COSTS & BENEFITS:

– Raw food costs per patient are higher than that of the average medical facility.

– Organic and fresh foods provide optimal nutrition and reduced exposure to pesticides for patients, visitors, and staff.

– The food is of the highest quality, and is better tasting.
– The program provides support for local organic producers.

FARM TO HOSPITAL, A GROWING MOVEMENT!

Across the country, hospitals are teaming up with local growers and producers to make changes in the food service industry and local food economy. The time is right for farms and hospitals to connect to provide patients and staff with the most healthy and fresh foods available.

Many resources are available to hospitals and growers interested in the healthy hospital food movement. For more information contact:

Center for Food & Justice http://www.foodandjustice.org (323) 341-5099 beery@oxy.edu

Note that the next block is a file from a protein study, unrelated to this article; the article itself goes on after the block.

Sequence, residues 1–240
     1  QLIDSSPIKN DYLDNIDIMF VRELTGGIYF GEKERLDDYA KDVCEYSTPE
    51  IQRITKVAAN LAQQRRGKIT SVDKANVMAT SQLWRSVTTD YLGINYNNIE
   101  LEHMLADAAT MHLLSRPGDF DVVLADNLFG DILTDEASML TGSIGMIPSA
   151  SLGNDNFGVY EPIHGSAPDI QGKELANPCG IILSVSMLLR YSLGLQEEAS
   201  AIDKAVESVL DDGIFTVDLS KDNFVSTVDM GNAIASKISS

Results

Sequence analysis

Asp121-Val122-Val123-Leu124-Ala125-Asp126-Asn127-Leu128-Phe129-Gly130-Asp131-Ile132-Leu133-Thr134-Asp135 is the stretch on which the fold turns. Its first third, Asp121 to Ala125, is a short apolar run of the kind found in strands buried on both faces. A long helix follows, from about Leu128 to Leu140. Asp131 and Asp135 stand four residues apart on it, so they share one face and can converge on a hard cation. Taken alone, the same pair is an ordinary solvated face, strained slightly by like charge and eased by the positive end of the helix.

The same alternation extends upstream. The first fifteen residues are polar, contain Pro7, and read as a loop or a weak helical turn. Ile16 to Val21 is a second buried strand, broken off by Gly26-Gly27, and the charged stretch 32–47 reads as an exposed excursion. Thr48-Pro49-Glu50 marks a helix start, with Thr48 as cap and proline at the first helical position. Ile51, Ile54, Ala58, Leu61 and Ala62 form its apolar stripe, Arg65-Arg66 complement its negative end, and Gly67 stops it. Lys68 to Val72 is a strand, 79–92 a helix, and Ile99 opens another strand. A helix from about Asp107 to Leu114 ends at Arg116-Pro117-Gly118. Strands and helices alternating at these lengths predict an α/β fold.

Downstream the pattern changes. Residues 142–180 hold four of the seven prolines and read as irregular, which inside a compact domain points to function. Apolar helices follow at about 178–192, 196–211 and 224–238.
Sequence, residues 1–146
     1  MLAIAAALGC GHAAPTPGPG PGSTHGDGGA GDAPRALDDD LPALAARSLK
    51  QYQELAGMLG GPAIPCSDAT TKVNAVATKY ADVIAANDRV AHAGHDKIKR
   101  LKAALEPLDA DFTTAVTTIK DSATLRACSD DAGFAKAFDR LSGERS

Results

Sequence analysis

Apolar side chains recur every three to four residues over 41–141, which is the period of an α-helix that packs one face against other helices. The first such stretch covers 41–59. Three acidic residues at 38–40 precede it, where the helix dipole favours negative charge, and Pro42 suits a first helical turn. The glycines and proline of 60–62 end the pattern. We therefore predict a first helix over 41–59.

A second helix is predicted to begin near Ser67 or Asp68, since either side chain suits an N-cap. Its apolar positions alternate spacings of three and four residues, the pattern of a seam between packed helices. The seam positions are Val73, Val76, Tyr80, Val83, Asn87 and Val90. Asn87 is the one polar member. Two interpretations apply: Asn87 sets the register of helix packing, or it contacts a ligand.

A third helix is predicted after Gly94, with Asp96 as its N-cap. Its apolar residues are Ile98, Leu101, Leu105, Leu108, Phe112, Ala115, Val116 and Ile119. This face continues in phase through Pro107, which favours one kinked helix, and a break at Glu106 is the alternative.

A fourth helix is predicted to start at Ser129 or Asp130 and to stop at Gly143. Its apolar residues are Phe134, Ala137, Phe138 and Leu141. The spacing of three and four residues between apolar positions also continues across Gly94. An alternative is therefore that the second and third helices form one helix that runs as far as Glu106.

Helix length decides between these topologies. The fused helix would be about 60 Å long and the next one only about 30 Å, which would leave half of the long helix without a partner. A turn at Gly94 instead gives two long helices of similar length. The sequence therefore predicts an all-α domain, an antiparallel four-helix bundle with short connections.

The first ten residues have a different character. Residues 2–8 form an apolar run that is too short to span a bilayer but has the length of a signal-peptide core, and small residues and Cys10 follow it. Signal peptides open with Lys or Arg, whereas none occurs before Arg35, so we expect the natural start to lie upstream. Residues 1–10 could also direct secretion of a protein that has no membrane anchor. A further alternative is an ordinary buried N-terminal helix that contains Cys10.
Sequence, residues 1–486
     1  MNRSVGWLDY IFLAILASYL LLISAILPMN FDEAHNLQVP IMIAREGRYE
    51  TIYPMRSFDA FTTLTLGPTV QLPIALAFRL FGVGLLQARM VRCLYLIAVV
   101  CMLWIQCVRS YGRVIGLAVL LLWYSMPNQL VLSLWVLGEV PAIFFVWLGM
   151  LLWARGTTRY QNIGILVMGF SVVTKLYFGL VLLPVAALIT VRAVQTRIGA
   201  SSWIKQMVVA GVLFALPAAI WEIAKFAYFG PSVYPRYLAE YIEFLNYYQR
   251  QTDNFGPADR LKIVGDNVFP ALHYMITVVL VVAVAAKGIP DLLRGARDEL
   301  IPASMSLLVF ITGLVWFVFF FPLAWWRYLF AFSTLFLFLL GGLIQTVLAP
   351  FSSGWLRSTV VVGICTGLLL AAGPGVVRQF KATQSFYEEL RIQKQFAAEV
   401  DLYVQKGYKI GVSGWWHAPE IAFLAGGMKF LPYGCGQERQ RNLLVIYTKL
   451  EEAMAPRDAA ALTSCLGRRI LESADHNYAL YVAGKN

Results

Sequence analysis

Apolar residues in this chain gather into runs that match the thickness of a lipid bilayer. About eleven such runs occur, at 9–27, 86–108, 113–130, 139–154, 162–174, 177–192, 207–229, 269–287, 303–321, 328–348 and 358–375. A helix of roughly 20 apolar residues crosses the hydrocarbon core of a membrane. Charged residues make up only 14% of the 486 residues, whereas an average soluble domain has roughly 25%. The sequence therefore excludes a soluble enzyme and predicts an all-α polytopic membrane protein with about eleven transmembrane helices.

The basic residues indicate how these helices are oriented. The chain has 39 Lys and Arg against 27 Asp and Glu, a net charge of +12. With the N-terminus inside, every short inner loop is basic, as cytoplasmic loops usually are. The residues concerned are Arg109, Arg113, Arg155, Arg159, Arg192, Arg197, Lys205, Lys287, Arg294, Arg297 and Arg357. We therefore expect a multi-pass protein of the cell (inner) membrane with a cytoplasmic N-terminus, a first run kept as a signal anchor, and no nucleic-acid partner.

Health Care Without Harm http://www.noharm.org

The resources referenced in this brochure, and many others, can be downloaded at Health Care Without Harm’s website.

Sample Institutional Policies can be found on the Food Alliance website: http://www.foodalliance.org/sustainablefoodpolicy/policies.htm

To find a CSA or other local food resources in your area visit, www.localharvest.org

Developed by the Center for Food & Justice, a division of the Urban & Environmental Policy Institute at Occidental College. To learn more: www.uepi.oxy.edu
(323) 341-5099 | cfj@oxy.edu

In partnership with the Community Food Security Coalition. To learn more visit: www.foodsecurity.org

Special thanks to Health Care Without Harm, Community Alliance with Family Farmers, the Growers’ Collaborative, and Kaiser Permanente.
Drawings by Joe Linton.

Funded by the United States Department of Agriculture Farm Service Agency.